First-Term Economic Indicators Do Not Look Good for Obama’s Re-election
In every Presidential election year, the question is always asked, “Are you better off than you were four years ago?” If conditions do not improve by November, based on presidential election history, President Obama will have a very tough time convincing Americans that the answer is “Yes,” and that he deserves a second term.
Since his 2008 election, President Obama and his Administration have been able to enact several signature pieces of legislation, such as the so-called stimulus and the Patient Protection and Affordable Care Act. After action in Congress has nearly ground to a halt, the Obama Administration has become quite active in the regulation and rule-making arenas as well, with such rules as the Boiler MACT and Cement MACT rules coming from EPA. After four years and evaluating these aforementioned policies, voters will either give the President credit for making their lives better, or blame him for making them worse.
If we strictly base our review of these policies on major economic indicators – which I argue we should and recent poll numbers show is the public’s overwhelming concern in this election – things do not look so good. These Administration policies have added to the National Debt by huge amounts, with the debt rising from $10.6 trillion up to $15.5 trillion today, leaving each person with an individual debt of $49,551; a $14,820 increase since the President’s swearing in. Unemployment has skyrocketed and, for a time, maintained double-digit percentage points for months on end. And, we have seen the cost of groceries, gas and other necessities surge by leaps and bounds.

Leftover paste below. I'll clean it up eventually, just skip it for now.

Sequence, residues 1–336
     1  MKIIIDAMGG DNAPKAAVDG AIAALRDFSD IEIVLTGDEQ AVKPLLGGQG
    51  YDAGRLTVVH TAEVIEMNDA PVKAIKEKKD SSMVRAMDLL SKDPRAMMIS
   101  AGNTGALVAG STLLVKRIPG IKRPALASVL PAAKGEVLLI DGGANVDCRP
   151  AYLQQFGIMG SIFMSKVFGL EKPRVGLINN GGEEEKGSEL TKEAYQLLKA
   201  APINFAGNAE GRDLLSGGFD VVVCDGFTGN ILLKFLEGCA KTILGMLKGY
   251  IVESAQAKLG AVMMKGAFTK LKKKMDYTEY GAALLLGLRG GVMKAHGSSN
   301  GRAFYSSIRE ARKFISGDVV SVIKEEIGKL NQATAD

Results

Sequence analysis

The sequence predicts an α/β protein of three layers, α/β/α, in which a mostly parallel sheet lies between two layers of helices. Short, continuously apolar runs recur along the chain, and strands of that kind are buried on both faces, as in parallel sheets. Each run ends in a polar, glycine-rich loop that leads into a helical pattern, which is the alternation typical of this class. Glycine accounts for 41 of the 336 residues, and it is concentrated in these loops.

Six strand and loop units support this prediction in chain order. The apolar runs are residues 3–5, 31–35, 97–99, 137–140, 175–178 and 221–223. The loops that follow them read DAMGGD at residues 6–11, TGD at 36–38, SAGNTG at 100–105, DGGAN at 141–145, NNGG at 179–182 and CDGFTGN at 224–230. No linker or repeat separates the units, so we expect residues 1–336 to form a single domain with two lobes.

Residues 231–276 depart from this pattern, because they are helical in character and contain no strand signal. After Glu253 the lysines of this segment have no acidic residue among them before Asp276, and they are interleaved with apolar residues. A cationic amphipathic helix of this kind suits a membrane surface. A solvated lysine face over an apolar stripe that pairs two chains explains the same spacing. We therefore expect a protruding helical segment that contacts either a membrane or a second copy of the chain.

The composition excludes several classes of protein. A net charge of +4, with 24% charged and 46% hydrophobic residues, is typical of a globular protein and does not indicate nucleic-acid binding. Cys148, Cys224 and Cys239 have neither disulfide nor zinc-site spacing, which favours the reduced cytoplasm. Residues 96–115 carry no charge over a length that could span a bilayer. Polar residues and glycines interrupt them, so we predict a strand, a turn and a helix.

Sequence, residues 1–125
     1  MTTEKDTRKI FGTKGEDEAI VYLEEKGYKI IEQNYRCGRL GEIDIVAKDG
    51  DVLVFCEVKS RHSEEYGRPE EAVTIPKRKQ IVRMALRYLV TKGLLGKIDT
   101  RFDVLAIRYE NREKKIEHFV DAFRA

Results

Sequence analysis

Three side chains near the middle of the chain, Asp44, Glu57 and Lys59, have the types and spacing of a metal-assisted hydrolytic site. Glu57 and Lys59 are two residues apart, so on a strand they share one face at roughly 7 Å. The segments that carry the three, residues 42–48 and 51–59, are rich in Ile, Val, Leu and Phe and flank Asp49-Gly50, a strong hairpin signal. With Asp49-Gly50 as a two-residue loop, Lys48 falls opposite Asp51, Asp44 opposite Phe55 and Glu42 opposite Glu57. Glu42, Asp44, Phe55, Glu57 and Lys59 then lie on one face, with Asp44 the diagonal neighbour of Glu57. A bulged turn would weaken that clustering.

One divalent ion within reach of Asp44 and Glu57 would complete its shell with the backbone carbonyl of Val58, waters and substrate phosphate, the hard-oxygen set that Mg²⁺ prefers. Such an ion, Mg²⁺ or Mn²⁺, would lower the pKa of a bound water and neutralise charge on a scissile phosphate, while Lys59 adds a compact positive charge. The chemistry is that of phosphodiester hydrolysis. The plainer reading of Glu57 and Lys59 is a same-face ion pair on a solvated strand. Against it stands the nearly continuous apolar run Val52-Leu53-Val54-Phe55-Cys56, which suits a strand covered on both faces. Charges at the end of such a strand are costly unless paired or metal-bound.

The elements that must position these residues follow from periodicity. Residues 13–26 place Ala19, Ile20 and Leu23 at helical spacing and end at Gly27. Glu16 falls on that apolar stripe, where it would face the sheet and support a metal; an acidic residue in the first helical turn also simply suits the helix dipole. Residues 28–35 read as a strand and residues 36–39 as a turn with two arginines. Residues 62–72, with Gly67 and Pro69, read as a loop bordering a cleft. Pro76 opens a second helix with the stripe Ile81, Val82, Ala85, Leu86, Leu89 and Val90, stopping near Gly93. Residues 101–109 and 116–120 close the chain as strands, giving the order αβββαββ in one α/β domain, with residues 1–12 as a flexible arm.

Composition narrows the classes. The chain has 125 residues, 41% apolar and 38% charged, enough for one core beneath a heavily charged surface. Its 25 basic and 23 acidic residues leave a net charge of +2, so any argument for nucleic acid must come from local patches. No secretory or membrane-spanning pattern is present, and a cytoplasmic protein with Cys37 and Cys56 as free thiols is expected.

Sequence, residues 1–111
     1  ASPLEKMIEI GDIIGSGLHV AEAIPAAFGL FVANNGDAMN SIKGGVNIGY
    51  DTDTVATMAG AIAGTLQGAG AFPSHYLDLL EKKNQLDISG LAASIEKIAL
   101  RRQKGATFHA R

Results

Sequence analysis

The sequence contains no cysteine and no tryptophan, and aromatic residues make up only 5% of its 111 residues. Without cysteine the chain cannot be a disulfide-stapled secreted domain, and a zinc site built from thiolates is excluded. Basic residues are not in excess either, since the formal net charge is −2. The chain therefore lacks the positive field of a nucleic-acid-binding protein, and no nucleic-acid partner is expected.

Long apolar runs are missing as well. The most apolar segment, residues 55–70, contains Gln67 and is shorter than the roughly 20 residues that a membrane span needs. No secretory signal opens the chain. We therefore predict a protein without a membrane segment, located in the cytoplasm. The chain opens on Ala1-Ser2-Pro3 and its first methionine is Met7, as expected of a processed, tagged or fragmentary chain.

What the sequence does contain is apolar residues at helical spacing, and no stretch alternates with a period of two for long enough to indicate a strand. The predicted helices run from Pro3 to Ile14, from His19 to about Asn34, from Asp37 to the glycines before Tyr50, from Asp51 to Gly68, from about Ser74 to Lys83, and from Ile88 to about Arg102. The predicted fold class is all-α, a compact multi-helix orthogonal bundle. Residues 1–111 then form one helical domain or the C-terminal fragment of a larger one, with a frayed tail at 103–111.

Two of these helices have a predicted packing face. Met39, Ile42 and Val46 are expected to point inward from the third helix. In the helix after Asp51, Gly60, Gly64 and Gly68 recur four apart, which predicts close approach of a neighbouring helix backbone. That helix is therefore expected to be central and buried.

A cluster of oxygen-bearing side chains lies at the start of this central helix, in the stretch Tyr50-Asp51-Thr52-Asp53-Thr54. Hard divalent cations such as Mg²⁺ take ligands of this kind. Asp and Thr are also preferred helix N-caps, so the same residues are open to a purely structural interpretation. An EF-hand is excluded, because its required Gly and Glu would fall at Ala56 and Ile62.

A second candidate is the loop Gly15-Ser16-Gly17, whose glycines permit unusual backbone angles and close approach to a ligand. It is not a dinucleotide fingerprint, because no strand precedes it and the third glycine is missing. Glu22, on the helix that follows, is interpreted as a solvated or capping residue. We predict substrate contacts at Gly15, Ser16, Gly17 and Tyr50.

Take a look at the numbers on Obama’s Inauguration Day, and compare them to current statistics. It is easy to see why most Americans think we are headed in the wrong direction. When the President took office, the unemployment rate was at 7.8 percent. Today, the unemployment rate stands at 8.3 percent. But what those numbers do not reveal is the dramatic decrease in the number of jobs available. Currently, there are 864,000 fewer jobs than there were on Inauguration Day in 2009.
The dearth of jobs and the rising cost of living also is dramatically adding to the country’s misery index; rising from 7.8 to 11.2 during the last four years. Specifically, increases in the cost gasoline and health insurance costs are putting a drastic strain on small businesses. With the steady decrease in jobs available, it is ever more difficult for Americans to keep up with the 105% increase in the cost of gas that has taken place during the Obama Administration. This, more than any other cost, is hurting middle class Americans.
Rising prices are the concern of not only the unemployed, but all Americans. Costs of home ownership, a college education, and starting a small business have become bloated and unattainable for many middle-class citizens, almost making the American Dream a thing of the past. The dream of owning a home for many Americans now is a nightmare of foreclosures and bankruptcy. The value of the average house has declined by 13 percent, and the number of foreclosures has exploded during the last five years.
With fewer jobs available to help pay those mortgage bills, the competitive job market now demands higher, more costly education. Yet, college tuition also has increased by 25 percent since Inauguration day. Average healthcare insurance costs have risen from $3,354 to $4,129 during the last 3.5; that’s a whopping 23 percent increase. The number of Americans living in poverty has risen from 39.8 million to 46.2 million – the highest number since the census starting keeping track in 1959. Forty-seven million people are now recipients of food stamps – about 14 percent of the total population.
Taken together, what do all of these statistics mean? They mean that, in truth, “No, we are not better off than we were four years ago.”